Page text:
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Monday, April 20, 2020

IRS Publishes Transfer Pricing Documentation Best Practices FAQs


In general, a taxpayer may avoid penalties described in Internal Revenue Code (IRC) § 6662(e) by maintaining contemporaneous transfer pricing documentation meeting the requirements of § 482 regulations. In January 2018, the IRS Large Business & International Division issued a directive to agents not to waive the penalties for mere existence of transfer pricing documentation but to examine the adequacy and reasonableness of the documentation.

To promote higher quality transfer pricing documentation, the IRS recently published a list of six frequently asked questions (FAQs) on transfer pricing documentation best practices. Below are some notable points:

  • FAQ 1 explains the benefits to taxpayers who invest in robust transfer pricing documentation, notably that a limited risk distributor may incur losses due to unusual business circumstances such as reduction in sales and not due to incorrect intercompany pricing. Having inadequate information reduces the reliability of the transfer pricing documentation and increases the time and length of the audit involving multiple rounds of Information Document Requests (IDRs).
  • FAQ 2 recommends that taxpayers consider conducting a self-assessment of the potential indicators of transfer pricing non-compliance, such as sensitivity analysis of search parameters used, strength of the benchmarking set, comparing tested party results with a variety of profit level indicators, and evaluating how system profits are shared between related parties.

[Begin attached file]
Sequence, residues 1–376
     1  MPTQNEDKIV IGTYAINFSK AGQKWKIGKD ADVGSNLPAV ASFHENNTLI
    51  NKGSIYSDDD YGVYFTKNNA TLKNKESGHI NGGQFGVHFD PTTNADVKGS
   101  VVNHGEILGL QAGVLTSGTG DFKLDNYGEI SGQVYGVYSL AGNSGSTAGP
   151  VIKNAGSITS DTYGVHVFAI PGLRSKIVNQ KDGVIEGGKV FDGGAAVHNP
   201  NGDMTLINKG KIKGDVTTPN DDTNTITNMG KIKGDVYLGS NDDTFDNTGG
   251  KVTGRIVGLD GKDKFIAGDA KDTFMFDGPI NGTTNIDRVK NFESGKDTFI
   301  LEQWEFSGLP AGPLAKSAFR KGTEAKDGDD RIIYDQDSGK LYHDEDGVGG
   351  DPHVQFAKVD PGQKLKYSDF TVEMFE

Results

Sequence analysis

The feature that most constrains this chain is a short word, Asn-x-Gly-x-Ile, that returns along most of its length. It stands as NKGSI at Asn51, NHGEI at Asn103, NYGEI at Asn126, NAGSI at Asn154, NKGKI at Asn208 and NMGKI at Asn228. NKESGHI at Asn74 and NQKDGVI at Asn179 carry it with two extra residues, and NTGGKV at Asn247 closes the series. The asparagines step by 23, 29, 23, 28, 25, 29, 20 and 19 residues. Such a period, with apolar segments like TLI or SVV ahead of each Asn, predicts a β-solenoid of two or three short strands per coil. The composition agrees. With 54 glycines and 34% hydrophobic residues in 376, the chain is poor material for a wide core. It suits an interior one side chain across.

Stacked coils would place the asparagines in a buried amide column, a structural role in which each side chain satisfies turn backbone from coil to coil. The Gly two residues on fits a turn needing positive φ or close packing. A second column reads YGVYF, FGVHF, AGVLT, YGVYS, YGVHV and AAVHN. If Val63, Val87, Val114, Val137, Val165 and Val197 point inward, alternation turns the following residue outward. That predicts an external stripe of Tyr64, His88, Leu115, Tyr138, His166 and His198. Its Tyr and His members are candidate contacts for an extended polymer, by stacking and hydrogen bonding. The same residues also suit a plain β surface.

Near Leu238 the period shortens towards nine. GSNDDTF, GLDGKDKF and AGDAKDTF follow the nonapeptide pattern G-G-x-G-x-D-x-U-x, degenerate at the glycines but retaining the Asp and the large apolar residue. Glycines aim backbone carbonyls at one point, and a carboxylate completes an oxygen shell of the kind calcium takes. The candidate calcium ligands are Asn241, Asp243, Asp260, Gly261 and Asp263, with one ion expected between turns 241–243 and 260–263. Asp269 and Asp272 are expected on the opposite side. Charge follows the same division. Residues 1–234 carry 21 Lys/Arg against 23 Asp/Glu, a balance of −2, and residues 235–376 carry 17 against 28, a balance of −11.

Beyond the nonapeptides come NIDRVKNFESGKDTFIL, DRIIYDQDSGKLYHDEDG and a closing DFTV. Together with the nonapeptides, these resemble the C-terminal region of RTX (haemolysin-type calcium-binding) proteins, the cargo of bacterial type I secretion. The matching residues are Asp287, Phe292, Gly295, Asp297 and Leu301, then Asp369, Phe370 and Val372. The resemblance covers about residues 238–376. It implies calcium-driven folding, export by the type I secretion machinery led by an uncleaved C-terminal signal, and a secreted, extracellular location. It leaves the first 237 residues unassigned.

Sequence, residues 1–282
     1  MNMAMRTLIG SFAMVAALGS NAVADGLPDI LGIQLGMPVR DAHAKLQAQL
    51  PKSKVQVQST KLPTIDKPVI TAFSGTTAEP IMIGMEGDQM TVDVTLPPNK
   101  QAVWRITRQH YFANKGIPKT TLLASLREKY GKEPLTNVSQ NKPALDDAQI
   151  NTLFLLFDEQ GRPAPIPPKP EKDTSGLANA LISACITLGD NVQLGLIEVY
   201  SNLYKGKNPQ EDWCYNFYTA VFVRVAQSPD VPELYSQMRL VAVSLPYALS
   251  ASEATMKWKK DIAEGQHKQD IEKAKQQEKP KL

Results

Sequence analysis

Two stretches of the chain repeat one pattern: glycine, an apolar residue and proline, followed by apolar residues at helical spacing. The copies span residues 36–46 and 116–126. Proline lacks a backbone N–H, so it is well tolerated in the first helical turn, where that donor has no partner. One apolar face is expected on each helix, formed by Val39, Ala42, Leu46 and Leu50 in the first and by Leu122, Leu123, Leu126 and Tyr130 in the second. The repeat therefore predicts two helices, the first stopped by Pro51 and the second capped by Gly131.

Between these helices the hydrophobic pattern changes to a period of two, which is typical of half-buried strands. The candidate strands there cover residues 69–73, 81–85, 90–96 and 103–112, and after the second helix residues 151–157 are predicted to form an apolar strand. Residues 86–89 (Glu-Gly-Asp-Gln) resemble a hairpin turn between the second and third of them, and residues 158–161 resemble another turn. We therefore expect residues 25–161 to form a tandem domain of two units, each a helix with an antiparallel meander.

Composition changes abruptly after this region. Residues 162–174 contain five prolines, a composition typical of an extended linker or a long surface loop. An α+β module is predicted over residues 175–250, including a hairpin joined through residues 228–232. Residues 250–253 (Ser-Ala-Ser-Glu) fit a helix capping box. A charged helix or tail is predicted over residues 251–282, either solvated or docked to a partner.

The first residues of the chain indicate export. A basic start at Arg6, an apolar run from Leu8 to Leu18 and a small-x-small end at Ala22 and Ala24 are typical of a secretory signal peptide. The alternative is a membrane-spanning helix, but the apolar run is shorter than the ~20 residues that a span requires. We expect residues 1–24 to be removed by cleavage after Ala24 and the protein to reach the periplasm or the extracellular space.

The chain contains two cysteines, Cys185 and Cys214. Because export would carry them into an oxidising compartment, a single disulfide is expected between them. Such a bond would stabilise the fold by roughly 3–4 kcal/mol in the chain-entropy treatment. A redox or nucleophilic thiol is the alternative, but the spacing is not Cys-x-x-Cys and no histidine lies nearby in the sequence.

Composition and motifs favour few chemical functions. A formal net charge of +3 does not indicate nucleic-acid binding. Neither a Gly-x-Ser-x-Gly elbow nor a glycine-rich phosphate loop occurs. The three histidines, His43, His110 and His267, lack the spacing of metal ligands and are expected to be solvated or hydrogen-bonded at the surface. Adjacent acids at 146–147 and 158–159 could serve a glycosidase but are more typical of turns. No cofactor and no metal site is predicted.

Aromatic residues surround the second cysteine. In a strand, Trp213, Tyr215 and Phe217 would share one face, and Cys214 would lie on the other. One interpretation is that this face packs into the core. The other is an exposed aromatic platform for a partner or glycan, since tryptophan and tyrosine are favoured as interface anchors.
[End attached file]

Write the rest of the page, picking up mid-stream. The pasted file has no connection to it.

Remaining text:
• FAQ 3 explains the IRS’ guiding principle in establishing arm’s length price by emphasizing the compliance with the § 482 regulations. Additionally, the IRS stresses the importance of providing complete information on the economic analysis and need and application of comparability adjustments to take into account current business environment.
  • FAQ 4 identifies the areas in transfer pricing documentation that could benefit from improvement:
    • Industry and Company Analysis sections are a place for a taxpayer to “tell its story” and provide context for related party transactions.
    • Functional Analysis should be well-supported factually, linking the business’s operational structure to the subject transactions and intercompany pricing, and explain how and where the value is created that supports the allocation of profits among the parties.
    • Risk Analysis should be consistent with intercompany agreements since they generally establish how risks are allocated.
  • FAQ 5 illustrates the features of most useful transfer pricing documentation, which touches upon similar areas of transfer pricing documentation as that of FAQ 4.
  • FAQ 6 provides an example presentation of a company’s intercompany transactions that would be a helpful summary for examiners to use in risk assessment. Providing a summary of the intercompany transactions at the beginning of the documentation helps the IRS deselect certain transactions from the scope of the audit, saving time. (See example grid below).
Sample Intercompany Transaction Summary
Thousands USD
Country Transaction TP Doc Location Reference APA Amt Reported Local Tax Form Transfer Pricing Policy Transfer Pricing Method Tested Party Benchmark Range Actual Results
CA XYZ America License of Trademarks, know how A1 Y $12,345 Royalty Rate-2% of Net Sales CUT N/A Royalty Rate LQ 2% 2.10%
M 3.4%
UQ 4.3%
IT XYZ America purchase of product form from F Sub for distribution to US Market B2 N $23,456 Cost Plus 10% Markup CPM(3yr) XYZ America OM LQ 1.6% OM=2.9%
M 3.4%
UQ 3.8%

We’re here to help

We’re closely monitoring any changes to the international and transfer pricing landscape, and we will send out updates as they become available. Reach out to Tax Partner Nghi Huynh if you need further information on this topic.

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